Tarpits aren't really a defense mechanism. They're meant to waste attackers' time and study their techniques, making attacks more expensive.
It's sort of like those YouTube channels where they waste phone scammers' time in an entertaining way.  Obviously, the easiest thing for the callee to do is hang up the phone, but their goal is to make phone scams less profitable.
Depends upon how you are doing the tarpitting. Back when I did this (15 years ago) I used a program that created a raw socket to handle all TCP traffic that just responded with 0-byte sized windows to all TCP packets (so overhead was minimal). I placed this software on a dedicated server (an old box that wasn't being used otherwise) and routed all our unused IP space to this system. It could keep thousands of connections "live" with minimal resources.
In my experience, fail2ban does only help if there is a small number of IP addresses requests come from. I usually observed a trickle of requests from huge number of IP addresses, at most 1-2 request from each IP over the course of days.
tarpit will likely hurt yourself as the system ties up sockets for a long time and you'll run out eventually. You'd have to combine the tarpit with something to limit the number of connections you accept.
IMO, setting up ssh on another port has been useful, especially combined with port knocking. And of course turning off password auth.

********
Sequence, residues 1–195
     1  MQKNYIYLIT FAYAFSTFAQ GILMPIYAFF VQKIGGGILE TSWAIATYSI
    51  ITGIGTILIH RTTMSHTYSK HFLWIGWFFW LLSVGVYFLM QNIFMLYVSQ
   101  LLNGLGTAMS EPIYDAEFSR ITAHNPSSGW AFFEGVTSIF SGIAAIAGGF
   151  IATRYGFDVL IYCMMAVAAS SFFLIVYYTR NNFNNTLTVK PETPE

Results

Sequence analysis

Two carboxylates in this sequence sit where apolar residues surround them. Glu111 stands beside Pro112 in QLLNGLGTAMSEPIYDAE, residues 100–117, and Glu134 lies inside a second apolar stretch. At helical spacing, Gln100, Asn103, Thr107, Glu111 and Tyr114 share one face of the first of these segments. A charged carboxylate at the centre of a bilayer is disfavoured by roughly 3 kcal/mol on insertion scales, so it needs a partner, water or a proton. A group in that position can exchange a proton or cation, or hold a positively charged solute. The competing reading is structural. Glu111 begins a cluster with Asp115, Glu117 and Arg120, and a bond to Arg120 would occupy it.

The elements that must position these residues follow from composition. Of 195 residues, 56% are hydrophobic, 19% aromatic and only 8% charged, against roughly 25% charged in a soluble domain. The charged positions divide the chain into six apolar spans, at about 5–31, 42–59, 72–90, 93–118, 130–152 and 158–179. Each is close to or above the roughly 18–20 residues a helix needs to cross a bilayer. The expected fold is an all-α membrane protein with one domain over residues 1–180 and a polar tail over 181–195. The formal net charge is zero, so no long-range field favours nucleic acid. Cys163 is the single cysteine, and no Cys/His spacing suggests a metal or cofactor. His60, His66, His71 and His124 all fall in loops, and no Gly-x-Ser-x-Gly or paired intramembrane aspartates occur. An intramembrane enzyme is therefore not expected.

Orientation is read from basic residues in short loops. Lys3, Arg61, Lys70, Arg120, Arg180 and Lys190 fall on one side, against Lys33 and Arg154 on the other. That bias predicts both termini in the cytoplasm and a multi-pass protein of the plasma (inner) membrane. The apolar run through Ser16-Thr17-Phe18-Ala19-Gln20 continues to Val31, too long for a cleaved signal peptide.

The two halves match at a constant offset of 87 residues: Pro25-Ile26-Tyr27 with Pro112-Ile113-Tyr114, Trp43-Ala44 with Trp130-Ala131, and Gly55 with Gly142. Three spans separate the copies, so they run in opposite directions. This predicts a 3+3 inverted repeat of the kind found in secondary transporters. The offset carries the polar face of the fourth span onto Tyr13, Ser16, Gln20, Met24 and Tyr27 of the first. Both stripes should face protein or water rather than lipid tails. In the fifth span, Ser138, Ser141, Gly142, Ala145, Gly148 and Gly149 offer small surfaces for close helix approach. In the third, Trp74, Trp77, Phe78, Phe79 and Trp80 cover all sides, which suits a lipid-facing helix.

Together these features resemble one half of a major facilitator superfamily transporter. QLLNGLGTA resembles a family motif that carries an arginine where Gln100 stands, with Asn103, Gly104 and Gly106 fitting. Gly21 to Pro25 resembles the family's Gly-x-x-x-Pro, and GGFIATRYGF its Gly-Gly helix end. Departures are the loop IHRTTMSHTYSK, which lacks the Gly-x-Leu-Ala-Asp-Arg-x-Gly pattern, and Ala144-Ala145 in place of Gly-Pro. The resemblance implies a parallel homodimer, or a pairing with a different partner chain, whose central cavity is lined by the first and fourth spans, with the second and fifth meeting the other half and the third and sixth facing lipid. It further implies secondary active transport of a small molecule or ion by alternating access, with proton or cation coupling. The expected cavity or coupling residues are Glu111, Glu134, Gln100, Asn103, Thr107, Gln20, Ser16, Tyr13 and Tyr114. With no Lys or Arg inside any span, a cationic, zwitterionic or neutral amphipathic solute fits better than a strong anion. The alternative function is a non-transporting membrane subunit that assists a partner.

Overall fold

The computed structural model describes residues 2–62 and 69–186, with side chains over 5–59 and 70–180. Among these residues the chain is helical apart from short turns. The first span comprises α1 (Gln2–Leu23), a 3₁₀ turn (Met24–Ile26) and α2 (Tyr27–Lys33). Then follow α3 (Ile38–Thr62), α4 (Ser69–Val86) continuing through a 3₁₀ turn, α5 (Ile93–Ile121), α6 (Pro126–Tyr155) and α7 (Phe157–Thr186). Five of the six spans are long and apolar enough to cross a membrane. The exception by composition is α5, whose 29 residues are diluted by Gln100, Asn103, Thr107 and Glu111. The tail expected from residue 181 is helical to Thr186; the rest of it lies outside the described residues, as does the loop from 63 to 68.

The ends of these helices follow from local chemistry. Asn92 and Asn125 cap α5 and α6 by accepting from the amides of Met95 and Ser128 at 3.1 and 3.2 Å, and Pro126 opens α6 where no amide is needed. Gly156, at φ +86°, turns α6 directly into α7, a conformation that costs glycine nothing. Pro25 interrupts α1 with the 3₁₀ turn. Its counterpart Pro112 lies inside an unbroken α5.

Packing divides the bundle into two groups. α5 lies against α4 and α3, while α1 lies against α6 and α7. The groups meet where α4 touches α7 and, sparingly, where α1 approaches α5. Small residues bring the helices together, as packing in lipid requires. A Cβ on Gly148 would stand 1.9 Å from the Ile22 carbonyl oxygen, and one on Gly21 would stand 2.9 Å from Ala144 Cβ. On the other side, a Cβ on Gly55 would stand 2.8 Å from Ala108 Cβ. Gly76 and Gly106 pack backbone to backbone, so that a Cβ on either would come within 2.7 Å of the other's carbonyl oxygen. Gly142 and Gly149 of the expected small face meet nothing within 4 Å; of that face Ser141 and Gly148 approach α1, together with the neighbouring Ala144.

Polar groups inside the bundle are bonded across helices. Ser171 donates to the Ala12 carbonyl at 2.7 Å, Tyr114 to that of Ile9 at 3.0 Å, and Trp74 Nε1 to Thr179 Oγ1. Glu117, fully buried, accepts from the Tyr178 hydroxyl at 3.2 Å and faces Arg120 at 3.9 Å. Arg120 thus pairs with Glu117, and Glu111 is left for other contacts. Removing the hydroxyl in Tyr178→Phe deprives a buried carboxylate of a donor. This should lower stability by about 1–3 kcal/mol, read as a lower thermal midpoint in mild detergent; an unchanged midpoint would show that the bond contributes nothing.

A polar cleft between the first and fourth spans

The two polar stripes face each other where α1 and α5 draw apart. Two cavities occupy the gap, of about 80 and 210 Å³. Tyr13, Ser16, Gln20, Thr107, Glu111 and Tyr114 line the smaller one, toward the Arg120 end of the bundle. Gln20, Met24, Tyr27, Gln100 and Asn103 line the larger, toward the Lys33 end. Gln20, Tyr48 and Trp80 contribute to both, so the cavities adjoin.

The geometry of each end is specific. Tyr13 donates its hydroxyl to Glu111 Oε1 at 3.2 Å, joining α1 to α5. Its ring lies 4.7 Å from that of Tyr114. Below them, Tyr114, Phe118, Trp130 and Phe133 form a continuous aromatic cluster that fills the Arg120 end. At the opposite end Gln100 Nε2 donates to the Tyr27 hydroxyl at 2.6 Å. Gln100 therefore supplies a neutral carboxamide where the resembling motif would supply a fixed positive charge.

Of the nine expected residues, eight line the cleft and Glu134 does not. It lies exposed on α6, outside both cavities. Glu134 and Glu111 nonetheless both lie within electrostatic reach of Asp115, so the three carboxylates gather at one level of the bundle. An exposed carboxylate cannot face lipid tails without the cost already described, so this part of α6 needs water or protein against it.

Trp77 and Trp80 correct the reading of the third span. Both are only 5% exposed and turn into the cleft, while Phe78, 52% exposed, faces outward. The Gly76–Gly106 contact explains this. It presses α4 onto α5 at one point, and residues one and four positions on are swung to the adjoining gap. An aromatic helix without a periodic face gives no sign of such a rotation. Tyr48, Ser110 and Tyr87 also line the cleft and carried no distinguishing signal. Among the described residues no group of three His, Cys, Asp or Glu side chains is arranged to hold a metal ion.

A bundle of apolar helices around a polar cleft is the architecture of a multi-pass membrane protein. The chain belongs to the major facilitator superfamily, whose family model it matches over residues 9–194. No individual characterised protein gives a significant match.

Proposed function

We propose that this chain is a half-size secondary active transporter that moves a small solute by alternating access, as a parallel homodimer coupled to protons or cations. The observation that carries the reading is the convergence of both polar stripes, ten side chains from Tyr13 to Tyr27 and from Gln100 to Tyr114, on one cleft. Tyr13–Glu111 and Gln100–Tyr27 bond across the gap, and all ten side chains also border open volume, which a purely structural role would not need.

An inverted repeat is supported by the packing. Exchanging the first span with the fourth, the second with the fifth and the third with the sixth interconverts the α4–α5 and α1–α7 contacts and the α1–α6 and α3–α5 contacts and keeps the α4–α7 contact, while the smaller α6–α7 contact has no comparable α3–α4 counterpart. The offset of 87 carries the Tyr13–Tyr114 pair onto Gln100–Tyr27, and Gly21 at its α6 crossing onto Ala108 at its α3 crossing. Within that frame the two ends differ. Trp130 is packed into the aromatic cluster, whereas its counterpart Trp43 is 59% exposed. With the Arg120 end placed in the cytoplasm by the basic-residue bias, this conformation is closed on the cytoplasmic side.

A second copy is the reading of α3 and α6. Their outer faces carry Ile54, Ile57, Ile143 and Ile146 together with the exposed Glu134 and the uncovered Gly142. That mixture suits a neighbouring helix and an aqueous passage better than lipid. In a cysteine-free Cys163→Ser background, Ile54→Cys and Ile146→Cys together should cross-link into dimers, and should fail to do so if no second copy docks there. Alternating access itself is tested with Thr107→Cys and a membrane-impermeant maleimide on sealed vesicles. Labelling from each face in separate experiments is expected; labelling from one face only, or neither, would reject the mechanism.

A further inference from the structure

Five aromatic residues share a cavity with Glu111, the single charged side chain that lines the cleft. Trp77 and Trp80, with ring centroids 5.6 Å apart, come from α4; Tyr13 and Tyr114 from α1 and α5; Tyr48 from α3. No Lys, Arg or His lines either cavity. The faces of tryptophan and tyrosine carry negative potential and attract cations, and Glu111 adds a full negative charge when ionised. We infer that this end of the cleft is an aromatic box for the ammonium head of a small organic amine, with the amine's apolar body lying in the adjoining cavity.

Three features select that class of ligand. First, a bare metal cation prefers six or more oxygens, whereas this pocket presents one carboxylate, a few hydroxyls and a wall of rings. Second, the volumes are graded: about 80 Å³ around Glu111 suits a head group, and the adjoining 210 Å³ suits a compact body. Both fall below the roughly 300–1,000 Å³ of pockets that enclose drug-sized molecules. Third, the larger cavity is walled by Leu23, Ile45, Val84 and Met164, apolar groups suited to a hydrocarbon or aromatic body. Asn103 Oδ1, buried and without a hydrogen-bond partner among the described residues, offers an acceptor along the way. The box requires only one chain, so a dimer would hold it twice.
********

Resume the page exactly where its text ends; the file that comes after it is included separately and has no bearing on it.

Whoops, silly me / more coffee needed. All my servers have:
so sshd never generates a password prompt.
They all run on a non-standard port, and it's somewhat rare to see more than one unique IP address connection attempt, but every few days you see a few hundred in sequence from a script too dumb to notice.
What I find infuriating is when an admin gets the bright idea to block all connections from IP's that are in mail dnsbl's. It's a great way to alienate people from using your services. I can't remember which company was doing it, but a customers API calls to a vendor failed because the vendor blocked the IP, which was blacklisted somewhere.
Here's the kicker: The server wasn't even used to send mail and hadn't been for a long time. So we had to apply for a delisting from a mail blacklist for a server that didn't send mail so that a customer could use an API.
The admin thought they were being clever, but instead they were just being difficult.